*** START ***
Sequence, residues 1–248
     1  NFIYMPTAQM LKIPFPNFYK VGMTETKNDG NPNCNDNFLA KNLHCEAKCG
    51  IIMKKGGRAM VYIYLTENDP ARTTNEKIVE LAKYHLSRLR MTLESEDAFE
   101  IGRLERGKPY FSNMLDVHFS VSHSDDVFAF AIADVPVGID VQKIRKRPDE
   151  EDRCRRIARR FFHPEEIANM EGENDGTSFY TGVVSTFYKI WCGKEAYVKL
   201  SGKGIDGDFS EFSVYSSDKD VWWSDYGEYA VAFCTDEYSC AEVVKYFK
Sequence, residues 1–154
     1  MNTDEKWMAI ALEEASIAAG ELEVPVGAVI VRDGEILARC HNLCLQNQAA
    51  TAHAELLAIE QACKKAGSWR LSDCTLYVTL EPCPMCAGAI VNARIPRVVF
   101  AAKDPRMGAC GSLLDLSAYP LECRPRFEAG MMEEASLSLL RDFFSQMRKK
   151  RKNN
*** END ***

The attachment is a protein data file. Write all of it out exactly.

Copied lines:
Sequence, residues 1–248
     1  NFIYMPTAQM LKIPFPNFYK VGMTETKNDG NPNCNDNFLA KNLHCEAKCG
    51  IIMKKGGRAM VYIYLTENDP ARTTNEKIVE LAKYHLSRLR MTLESEDAFE
   101  IGRLERGKPY FSNMLDVHFS VSHSDDVFAF AIADVPVGID VQKIRKRPDE
   151  EDRCRRIARR FFHPEEIANM EGENDGTSFY TGVVSTFYKI WCGKEAYVKL
   201  SGKGIDGDFS EFSVYSSDKD VWWSDYGEYA VAFCTDEYSC AEVVKYFK
Sequence, residues 1–154
     1  MNTDEKWMAI ALEEASIAAG ELEVPVGAVI VRDGEILARC HNLCLQNQAA
    51  TAHAELLAIE QACKKAGSWR LSDCTLYVTL EPCPMCAGAI VNARIPRVVF
   101  AAKDPRMGAC GSLLDLSAYP LECRPRFEAG MMEEASLSLL RDFFSQMRKK
   151  RKNN